Healthy Outlook: Local produce will freshen up your diet; here’s how to use it

Produce — including beets, new potatoes, kohlrabi and more — is for sale at the Pendleton's Kaw Valley Country Market booth at the Clinton Parkway Nursery farmers market on Wednesday, May 30, 2018.

My parents will forever lament that their dainty, suburban-raised little girl never got her hands dirty picking the day’s dinner salad from the backyard garden.

Although I never did have that experience, I recently found the next best thing here in town, on an adventure to the farmers market.

Buying lettuce from the farmer who pulled it out of the ground himself that same afternoon changed my perspective on food. The massive heads of romaine, green leaf and red leaf lettuce he displayed were three times the size of any I’ve seen in stores, and they lasted longer than any “fresh” food I’ve ever brought home from a store.

The culture of the markets here in town is warm, friendly and accepting of wide-eyed novices like me. The vendors are people who take pride in the labor they put into their goods and who genuinely care that the customers they meet have a good experience.

Here are some ideas of how to use the local bounty.

Why eat local produce?

Brent Trammell is a certified health coach through the American Council on Exercise. He’s also the former nutritional health coach at Natural Grocers in Lawrence, where he’s now assistant store manager.

photo by: Contributed Photo

Brent Trammell

First, the basics: Why produce? He said in almost every study on nutrition, an underlying theme is that as vegetable intake increases, chronic illness tends to decrease.

That’s why general recommendations are to eat five to nine servings of vegetables every day. More simply, about half your plate at each meal should be fruits and vegetables to make sure you get all the vitamins, minerals, fiber and other nutrients your body needs, Trammell said.

“The cool thing about that, though, is there is no upper limit,” he said. “There’s not a point where you can eat so many vegetables that they kind of start making you sick.”

And why local?

“A lot of people don’t know that some nutrients start to degrade over time,” he said — exposure to temperature, time and light can all make a difference in the produce’s quality by the time it gets to you. “… So your fresh produce right off the field is the best.”

How to use it

A mixture of fresh, brightly colored fruits and veggies tossed together into a salad is, of course, a classic treatment. (Yes, fruit can go in a nonfruit salad — deliciously.)

But you can think outside the bowl: There are a lot of ways to use vegetables in meals that may not come intuitively and that may be more tolerable for picky eaters or for those who have trouble digesting raw vegetables, Trammell said.

For instance, Trammell suggested blending veggies such as carrots or broccoli into red pasta sauce. He said you can also make healthy smoothies with a plant-based milk, such as soy or almond milk, and it doesn’t take a ton of fruit to mask the veggie flavor. Soups and stews are yet another good option.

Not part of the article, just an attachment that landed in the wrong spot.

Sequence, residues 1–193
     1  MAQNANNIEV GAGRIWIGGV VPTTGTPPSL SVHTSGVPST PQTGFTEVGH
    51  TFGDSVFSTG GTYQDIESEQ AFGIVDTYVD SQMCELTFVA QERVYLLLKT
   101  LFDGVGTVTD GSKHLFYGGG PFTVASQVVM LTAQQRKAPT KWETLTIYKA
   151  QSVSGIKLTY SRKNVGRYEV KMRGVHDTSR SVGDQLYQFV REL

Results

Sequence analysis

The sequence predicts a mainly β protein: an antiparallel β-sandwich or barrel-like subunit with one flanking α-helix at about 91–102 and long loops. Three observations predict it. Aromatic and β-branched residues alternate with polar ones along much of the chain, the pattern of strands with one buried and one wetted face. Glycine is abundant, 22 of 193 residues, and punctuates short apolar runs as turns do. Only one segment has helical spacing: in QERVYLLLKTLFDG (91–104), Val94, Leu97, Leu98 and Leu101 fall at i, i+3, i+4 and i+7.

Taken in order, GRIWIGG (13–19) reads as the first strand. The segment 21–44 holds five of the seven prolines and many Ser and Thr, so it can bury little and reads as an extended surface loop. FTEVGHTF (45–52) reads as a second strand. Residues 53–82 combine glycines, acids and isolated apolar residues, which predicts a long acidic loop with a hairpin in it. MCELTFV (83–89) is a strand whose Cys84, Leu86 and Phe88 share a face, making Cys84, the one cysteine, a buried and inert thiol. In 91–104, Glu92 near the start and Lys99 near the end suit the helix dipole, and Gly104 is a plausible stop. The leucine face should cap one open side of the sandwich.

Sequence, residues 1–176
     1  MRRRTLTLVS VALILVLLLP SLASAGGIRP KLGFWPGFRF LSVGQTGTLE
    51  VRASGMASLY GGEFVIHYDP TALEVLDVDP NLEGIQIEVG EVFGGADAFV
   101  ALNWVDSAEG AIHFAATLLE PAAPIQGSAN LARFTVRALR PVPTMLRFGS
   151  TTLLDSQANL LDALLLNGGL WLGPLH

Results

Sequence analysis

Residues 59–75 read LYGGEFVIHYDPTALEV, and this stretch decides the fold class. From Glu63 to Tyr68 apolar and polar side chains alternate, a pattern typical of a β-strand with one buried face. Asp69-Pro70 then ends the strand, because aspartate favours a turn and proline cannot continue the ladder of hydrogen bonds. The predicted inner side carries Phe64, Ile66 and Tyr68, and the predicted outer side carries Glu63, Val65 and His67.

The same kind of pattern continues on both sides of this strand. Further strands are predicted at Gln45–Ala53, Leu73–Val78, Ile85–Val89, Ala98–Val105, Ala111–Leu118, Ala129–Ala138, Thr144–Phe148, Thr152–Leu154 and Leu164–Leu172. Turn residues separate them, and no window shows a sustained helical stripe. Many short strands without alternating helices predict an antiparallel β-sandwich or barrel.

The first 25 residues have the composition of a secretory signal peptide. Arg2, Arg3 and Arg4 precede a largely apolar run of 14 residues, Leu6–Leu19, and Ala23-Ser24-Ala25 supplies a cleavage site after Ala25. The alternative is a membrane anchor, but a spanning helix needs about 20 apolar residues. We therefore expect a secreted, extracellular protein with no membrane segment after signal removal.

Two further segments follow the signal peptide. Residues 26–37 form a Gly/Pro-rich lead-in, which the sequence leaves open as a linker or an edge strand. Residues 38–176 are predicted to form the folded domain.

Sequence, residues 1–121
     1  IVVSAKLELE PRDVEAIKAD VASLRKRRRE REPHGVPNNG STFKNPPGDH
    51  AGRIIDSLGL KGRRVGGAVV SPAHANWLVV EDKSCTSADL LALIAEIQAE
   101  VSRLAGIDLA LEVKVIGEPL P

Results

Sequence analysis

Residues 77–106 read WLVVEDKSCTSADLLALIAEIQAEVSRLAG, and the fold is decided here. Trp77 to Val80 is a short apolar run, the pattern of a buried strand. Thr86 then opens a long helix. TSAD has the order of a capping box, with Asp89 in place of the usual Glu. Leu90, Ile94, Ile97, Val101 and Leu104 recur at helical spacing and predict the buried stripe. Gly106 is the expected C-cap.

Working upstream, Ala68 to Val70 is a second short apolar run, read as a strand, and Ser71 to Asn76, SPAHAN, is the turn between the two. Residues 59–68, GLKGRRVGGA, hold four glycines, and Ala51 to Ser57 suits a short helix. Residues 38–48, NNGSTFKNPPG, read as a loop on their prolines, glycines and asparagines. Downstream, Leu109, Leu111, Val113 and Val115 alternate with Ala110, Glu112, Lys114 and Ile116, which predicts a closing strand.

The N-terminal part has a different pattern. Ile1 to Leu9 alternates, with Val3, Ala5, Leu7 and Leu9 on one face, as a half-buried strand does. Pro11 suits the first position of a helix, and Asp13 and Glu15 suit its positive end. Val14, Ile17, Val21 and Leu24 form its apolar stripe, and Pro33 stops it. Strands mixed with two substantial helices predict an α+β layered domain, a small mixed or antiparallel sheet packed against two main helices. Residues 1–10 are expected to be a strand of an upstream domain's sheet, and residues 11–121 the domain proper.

You can also substitute veggies for pasta. Cauliflower is a versatile option — you can buy or make cauliflower rice, by blending or grating it, and that can be used in any dish where you’d traditionally use rice, Trammell said. It can also be mashed like potatoes, or used like flour in a pizza crust.

Also, you can try the ever-popular “zoodles” — zucchini noodles. They’re made by using either a vegetable peeler or a spiralizer to cut thin “noodles” out of fresh produce. Compared to traditional pasta, they have significantly fewer calories, cook more quickly and pack in a lot more essential vitamins and minerals.

In researching this article, I bought a spiralizer and tried my hand at zoodles. Even learning how to make them, it only took about five minutes to turn two good-sized zucchini into enough noodles for three or four meals. They cooked rapidly and tasted fantastic.

Preparing veggies the way you want them won’t really negate their benefit, Trammell said.

“Whatever way makes it palatable for you — if you have to have a little bit of salad dressing on the salad, go for it, because it’s better you get that good stuff plus a little bit of bad than none of it at all,” he said.

Where to get it

From the farms to you:

There are several weekly markets in the area. Some farmers at the markets can take credit cards; cash is a safer bet, though some markets sell $5 tokens for those who don’t have cash on hand.

Several markets also accept SNAP benefits through the Double Up Food Bucks program, meaning that for every $1 spent, buyers get $1 free. More information is available on the program’s website, doubleupheartland.org.

Lawrence Farmers’ Market: Vendors’ farms are within a 50-mile radius of the city and in the state of Kansas.

• 4 to 6 p.m. Tuesdays at the Lawrence Public Library parking garage, 725 Vermont St.; open May through October.

• 7 to 11 a.m. Saturdays at 824 New Hampshire St.; open April through November (hours change to 8 a.m. to noon in September).